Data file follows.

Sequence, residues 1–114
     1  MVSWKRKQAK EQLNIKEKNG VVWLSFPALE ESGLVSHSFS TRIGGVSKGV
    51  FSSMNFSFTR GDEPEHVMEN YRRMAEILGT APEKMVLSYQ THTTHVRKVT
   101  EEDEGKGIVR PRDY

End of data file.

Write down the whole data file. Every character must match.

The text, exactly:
Sequence, residues 1–114
     1  MVSWKRKQAK EQLNIKEKNG VVWLSFPALE ESGLVSHSFS TRIGGVSKGV
    51  FSSMNFSFTR GDEPEHVMEN YRRMAEILGT APEKMVLSYQ THTTHVRKVT
   101  EEDEGKGIVR PRDY